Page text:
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Museum of Modern Art New York

Seven arrested at protest during MoMA’s public opening

Demonstrators blocked the museum’s entrance and sat in the street as they demanded the removal of Steven Tananbaum — a financier whose company owns $2.5bn in Puerto Rican debt — from its board of trustees

Protesters sat in the middle of 53rd Street as they demanded the removal of Steven Tananbaum from the museum’s board of trustees over his company's involvement in Puerto Rico's debt crisis Zachary Small

Hundreds of bewildered tourists watched while queueing this morning to enter the Museum of Modern Art, which temporarily closed its main entrance on the day of its official reopening to the public. Minutes earlier, dozens of protesters marched down West 53rd Street chanting their demands for the removal of the financier Steven Tananbaum from the museum’s trustee board because his company, GoldenTree Asset Management, controls more than $2.5bn in Puerto Rican debt.

The demonstrators forced their way through a security checkpoint and metal barricades surrounding the entrance, blocking public access to the doors. They have characterized Tananbaum’s investments on the island as “predatory”, saying his company’s lobbying efforts to secure repayment have jeopardised the island’s recovery following the devastation cause by Hurricane Maria in 2017. “Steven Tananbaum has made major profits off our community’s pain,” Jesus Gonzalez, one of the protest’s organisers, told onlookers. “This is disaster capitalism at its finest.”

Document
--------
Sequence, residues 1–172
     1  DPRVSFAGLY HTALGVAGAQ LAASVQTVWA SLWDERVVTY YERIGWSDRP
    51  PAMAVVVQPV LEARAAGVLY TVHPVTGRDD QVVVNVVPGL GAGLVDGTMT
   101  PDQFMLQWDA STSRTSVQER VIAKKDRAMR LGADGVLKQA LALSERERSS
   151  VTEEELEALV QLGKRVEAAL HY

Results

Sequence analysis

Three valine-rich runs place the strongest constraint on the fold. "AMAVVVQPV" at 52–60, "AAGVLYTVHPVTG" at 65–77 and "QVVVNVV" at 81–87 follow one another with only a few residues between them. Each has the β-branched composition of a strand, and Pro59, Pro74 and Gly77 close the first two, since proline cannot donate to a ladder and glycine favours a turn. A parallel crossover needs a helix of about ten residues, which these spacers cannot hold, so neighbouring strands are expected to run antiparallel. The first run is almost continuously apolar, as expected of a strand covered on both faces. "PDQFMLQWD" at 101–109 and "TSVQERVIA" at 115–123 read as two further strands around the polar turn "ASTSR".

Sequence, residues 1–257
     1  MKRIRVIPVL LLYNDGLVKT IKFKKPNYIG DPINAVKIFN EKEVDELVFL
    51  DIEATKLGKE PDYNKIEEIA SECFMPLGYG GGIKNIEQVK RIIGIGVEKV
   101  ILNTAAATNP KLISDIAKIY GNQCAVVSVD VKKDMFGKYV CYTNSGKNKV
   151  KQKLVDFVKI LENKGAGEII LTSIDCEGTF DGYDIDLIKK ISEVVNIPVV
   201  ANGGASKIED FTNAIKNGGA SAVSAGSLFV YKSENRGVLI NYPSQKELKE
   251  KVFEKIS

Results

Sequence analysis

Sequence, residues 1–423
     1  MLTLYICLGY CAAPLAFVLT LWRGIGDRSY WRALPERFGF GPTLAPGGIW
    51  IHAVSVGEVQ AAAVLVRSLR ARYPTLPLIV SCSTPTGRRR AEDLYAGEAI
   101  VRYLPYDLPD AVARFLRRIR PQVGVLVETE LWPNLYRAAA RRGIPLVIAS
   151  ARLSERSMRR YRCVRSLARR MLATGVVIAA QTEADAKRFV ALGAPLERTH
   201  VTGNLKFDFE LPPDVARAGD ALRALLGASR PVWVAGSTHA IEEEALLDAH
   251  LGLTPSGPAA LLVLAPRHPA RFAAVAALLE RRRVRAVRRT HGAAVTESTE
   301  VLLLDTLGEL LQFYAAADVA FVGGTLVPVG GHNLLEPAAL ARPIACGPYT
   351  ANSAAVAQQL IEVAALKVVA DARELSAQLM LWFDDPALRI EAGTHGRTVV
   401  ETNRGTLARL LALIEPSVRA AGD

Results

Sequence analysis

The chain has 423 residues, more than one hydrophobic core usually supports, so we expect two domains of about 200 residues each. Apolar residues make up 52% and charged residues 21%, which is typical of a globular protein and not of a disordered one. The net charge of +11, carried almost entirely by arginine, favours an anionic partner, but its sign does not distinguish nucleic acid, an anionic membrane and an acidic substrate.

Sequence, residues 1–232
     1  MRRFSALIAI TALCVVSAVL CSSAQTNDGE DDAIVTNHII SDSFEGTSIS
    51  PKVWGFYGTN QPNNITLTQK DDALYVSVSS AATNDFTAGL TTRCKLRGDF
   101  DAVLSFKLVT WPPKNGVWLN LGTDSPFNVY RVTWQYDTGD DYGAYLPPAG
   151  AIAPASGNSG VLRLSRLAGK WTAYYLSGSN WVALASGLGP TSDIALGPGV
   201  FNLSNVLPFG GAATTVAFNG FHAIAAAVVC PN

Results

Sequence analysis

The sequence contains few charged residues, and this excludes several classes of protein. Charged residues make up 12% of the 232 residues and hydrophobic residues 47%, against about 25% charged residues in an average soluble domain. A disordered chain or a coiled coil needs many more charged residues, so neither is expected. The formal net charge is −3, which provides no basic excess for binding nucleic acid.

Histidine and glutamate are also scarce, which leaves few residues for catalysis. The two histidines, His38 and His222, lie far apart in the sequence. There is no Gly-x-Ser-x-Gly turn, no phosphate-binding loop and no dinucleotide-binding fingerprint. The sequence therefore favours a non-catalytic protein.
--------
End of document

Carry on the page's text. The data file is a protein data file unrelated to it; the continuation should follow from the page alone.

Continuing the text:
Last Friday evening, MoMA endured another protest outside its opening party by a coalition of activist groups including Decolonize This Place and New Sanctuary Coalition. During that event, demonstrators made similar calls for the removal of Tananbaum and Laurence Fink, the CEO of the investment firm BlackRock, which has large investments in private prisons and detention centers.

Museum workers responded to the demonstration by redirecting visitors to the alternative entrance on 54th Street. It was then that protesters decided to relocate their demonstration to the center of the city street. More than 20 policemen quickly gathered in response, announcing that the activists would be arrested and charged with disorderly conduct if they continued to obstruct traffic. Many of the participants did not budge and seven were arrested, including Gina de Jesus, an organiser with New York Communities for Change, and Melissa Mark-Viverito, the former speaker of New York City Council who is currently running for US Congress.

“MoMA get off it, put people over profit,” some protesters continued to chant as the arrests were made, pledging that they would return until Tananbaum was removed from the museum’s board.